MLS Power Rankings: LAFC new No. Zlatan on Panenka penalty: Why not? A questionable call against Vancouver’s Jake Nerwinski allowed Albert Rusnak to convert from the penalty spot and seal a win for Real Salt Lake. Mauro Manotas was on hand to volley in Houston’s equalizer after Albert Rusnák opened the scoring for Real Salt Lake at BBVA Compass Stadium. Albert Rusnak converted a penalty kick in the 21st minute as Real Salt Lake won its home opener with a 1-0 victory over the Vancouver Whitecaps on Saturday night in Sandy, Utah. Major League Soccer last season with an 11-2-4 mark. The win was the club’s fourth in a row versus Vancouver at Rio Tinto Stadium.
Marc Dos Santos his first victory with the franchise. Real Salt Lake opened the scoring after 2018 MLS Rookie of the Year Corey Baird was deemed to have been tripped by Vancouver’s Jakob Nerwinski inside the penalty area. Replays, however, showed Baird appeared to have stumbled on his own accord before heading to the ground. Rusnak, who scored in last Saturday’s 1-1 draw with Houston, made the Whitecaps pay by unleashing a right-footed shot into the top right corner of the net. The penalty kick was the second allowed this season for Vancouver, which surrendered a league-high nine in 2018. Rusnak nearly doubled the advantage in the 64th minute, however his apparent goal was negated after he was ruled offside after accepting a through ball from Jefferson Savarino. The Whitecaps nearly forged a tie four minutes later, but Doneil Henry’s header from the center of the box was denied by Rimando.
Vancouver also threatened early as In-Beom Hwang’s pass from midfield caught Andy Rose in stride, causing Rimando to come off his line and force a corner kick. The Whitecaps nearly forged a tie in the 53rd minute as Lucas Venuto stole the ball from Aaron Herrera and set up Yordy Reyna, whose right-footed shot from just outside the box sailed wide of the net. You can edit the text in this area, and change where the contact form on the right submits to, by entering edit mode using the modes on the bottom right. You can set your address, phone number, email and site description in the settings tab. Link to read me page with more information. I had a hunch that this would not be the case. Specifically, my guess was that there would be more goals scored between the 85th and 90th minutes, whereas there would be fewer in the first 5 minutes of the game. To test this hypothesis, I used data from the Rec. Soccer Statistics Foundation page from 8 years of the Premiership. At first I looked at the number of goals scored in the 8 years of my data for each minute of the game.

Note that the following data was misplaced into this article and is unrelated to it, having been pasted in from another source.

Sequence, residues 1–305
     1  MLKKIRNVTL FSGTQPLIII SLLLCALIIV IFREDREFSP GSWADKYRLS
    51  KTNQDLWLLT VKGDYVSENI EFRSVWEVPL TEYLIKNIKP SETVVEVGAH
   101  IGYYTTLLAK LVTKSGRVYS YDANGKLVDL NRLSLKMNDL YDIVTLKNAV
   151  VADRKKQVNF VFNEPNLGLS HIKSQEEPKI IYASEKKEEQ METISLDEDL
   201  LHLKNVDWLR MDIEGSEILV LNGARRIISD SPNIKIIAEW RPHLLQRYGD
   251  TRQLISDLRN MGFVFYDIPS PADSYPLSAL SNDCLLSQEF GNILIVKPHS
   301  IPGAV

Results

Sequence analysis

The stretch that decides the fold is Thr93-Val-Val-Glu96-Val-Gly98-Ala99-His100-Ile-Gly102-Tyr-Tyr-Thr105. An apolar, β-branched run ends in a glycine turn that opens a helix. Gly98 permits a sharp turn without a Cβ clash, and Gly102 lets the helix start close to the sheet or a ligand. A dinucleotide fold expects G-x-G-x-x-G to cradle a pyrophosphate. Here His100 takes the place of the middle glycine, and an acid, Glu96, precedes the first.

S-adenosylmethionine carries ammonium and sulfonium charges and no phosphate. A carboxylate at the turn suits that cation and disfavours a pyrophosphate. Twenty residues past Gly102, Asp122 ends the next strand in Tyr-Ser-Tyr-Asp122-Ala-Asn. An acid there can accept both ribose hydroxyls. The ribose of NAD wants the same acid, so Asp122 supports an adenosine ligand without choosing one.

To solve this, I aggregated the data in to intervals of 5 minutes. This way, the data was not as specific but it gave a clearer picture of what was going on. As you can see, the x-axis gives the end of the time interval. In other words, the bar over 50 on the x-axis represents the number of goals scored in the 45-50 minute time range. The y-axis is the frequency, or number of goals in that time range. There are also 3 lines on the graph. The middle line gives the mean number of goals across all the time intervals. The top line is the mean number of goals across all the time intervals plus the standard deviation of the number of goals. The bottom line is the same thing but subtracting one standard deviation. I added these to the graph because they provide nice reference points to help determine time intervals that can be considered outliers.
The first thing that sticks out from looking at the graph is the number of goals scored between minutes 40-45. It seems that a lot of goals are scored right before the halftime mark. This is pretty interesting, and something that I was not necessarily expecting. Another piece of the plot that is the difference between the height of the bars in the first half compared to the height of those in the second half. In the first half, the number of goals is right around the lower part of the interval. In the second half, the number of goals is around the upper part of the interval. Clearly, more goals are scored in the second half of games, which is probably not the first time someone has pointed this out. There are a number of takeaways from this plot. First, the final 5 minutes of the first half is a vital period of time in the game. Clubs should bear down and play more defensively than usual, especially considering the fact that you don’t want to go in to the half having just let up a goal.